When he was 10 years old, Gevon Goddard started playing the cello with Play On Philly, an intense music program offered at his Philadelphia middle school. Soon, he was practicing and playing cello more than 10 hours each week.
The more he practiced, Goddard said, the easier school seemed to get. He was able to read and analyze reading passages faster and better, for example, and he understood more of the words inside the text. “My music lessons made me a stronger student,” said Goddard, now a junior at Temple University. “I’d use my music skills to analyze a passage, and get the highest grade in the class.” His rigorous musical training helped Goddard “home in” on academic areas he struggled with and “get them fixed.” An average student in middle school, he became a high-achieving high school student, consistently earning As in his classes.
The connection is unexpected: Practicing the trumpet or the cello can make you a better musician, but can it really make you a better reader, too?
The human brain was never designed to read, and unlike areas dedicated to language and music, there is no “reading center” of the brain and no identifiable “reading genes” in human cells. Humans invented reading and writing just a little over 5,000 years ago, essentially rewiring existing brain structures dedicated to vision and language into a specialized circuit to quickly scan visual symbols and turn them into meaning.
Put simply, the neural circuit for reading—often called the reading brain—combines processes used for vision in the cortex (to see written letters and words), hearing in the auditory cortex (to hear the sounds and rhythms that letters and words make and connect them to the written words), and language in the left hemisphere (to comprehend the meaning of written letters and words).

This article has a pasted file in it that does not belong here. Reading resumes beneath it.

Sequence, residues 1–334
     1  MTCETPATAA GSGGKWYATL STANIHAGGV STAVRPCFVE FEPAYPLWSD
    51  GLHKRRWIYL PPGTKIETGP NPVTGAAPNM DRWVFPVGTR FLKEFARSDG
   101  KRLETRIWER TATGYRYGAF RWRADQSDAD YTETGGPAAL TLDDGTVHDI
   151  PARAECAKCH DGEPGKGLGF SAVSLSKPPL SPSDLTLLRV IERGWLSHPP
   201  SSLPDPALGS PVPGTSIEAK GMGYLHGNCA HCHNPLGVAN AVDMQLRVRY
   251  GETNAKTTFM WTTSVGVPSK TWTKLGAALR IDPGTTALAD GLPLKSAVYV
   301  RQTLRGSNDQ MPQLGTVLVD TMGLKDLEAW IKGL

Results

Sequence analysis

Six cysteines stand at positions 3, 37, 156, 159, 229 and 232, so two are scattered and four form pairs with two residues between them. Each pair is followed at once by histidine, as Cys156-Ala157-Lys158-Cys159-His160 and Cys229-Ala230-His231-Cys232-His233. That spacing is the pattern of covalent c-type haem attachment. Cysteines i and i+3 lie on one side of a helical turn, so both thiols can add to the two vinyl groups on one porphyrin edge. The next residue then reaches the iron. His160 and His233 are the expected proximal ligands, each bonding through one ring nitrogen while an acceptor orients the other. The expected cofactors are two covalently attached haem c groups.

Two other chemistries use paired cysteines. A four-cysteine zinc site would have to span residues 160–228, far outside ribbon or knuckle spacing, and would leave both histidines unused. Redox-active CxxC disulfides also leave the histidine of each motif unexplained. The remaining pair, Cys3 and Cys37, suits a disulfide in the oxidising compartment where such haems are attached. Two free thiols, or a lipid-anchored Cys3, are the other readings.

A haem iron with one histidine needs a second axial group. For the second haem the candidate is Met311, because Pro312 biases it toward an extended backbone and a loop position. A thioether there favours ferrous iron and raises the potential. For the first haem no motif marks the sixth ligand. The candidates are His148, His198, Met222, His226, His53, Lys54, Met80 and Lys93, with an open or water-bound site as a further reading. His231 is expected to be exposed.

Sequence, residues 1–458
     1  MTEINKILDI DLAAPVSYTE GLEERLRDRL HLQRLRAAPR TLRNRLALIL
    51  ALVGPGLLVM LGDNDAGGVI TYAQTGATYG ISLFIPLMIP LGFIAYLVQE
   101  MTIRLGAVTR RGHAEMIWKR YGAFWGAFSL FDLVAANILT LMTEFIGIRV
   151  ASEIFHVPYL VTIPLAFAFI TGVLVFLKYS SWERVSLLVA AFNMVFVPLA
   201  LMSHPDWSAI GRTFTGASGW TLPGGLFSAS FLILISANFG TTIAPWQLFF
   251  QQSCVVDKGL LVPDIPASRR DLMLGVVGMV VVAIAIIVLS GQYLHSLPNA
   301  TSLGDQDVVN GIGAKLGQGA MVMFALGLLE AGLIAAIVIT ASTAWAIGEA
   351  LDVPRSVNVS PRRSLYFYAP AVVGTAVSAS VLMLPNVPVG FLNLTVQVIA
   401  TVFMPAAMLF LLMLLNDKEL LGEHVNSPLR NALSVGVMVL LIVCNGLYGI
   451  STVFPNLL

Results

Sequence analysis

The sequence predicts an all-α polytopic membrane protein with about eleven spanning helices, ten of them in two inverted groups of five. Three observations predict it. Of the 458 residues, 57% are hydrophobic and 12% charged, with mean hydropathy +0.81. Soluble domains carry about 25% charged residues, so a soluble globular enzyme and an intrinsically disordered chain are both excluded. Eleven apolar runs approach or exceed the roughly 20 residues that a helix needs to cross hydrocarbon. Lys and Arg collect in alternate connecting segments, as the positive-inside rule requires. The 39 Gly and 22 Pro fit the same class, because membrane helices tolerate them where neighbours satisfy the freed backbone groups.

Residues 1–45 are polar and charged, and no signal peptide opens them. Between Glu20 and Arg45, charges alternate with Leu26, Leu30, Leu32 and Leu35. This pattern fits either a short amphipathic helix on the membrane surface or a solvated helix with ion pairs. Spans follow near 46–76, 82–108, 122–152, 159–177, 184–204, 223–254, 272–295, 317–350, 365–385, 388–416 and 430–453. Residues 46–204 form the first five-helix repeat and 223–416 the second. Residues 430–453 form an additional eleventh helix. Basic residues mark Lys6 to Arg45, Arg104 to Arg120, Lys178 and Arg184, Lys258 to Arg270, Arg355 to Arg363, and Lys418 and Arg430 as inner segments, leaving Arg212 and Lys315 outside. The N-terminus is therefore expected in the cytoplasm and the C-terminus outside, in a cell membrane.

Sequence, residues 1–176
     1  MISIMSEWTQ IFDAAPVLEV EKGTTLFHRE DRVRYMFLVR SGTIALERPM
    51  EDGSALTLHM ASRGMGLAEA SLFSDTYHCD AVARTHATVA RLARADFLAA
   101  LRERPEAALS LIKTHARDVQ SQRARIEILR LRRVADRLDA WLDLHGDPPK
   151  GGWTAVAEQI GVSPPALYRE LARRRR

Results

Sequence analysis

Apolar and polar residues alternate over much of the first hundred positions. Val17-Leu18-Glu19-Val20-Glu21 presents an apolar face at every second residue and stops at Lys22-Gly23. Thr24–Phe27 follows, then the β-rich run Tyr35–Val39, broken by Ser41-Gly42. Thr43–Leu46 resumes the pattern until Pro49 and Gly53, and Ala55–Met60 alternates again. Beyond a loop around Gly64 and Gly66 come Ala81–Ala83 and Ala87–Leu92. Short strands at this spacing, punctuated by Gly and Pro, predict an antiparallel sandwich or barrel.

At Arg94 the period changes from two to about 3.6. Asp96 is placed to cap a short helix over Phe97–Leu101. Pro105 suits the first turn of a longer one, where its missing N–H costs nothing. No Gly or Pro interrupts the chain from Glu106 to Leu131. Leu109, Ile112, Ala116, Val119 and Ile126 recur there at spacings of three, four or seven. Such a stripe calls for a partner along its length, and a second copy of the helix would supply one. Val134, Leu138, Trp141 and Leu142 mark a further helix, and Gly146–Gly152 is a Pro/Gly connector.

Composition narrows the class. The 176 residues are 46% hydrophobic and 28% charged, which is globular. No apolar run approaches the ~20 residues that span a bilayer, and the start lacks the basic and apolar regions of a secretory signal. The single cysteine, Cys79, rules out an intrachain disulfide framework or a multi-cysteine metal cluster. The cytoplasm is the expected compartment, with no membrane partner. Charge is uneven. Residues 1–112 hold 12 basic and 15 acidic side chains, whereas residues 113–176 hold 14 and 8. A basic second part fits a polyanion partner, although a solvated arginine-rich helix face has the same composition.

Playing or learning to sing music, according to neuroscientists, is a parallel process. A student who plays the piano, for example, scans the notes on a sheet of music and connects them with the sounds they make; listens intently to connect the notes and hear if they’re played at the right pitch and time; and actively anticipates what’s coming next in the music. See the symbol on the page, hear the sound the symbol makes, anticipate what’s likely to come next: Playing a sonata is similar to reading a poem or a difficult scientific passage.
Working on challenging musical tasks over and over again, researchers say, strengthens the reading circuit dramatically, which in turn delivers a robust academic boost. “Schools are always worried that students aren’t reading well enough,” said Elaine Bernstorf, professor of music education and coauthor of The Music and Literacy Connection, referring to the tendency to treat reading as a distinct activity. But often, she said, schools don’t realize that “music teachers are reading teachers.”
The Sound of Reading
Learning how to read in a new language can be difficult for immigrant children. But in 2016, a group of researchers from Justus Liebig University in Germany found that a relatively low-lift music training program—20 weeks of singing and rhythmic drumming three times a week for 20 minutes—had a significant impact on the phonological awareness of the immigrant preschoolers in the study. “Despite the small sample size of this study, we found a large effect size of music training on phonological awareness, especially on the word level comprising blending, segmentation, and rhyming,” the researchers concluded.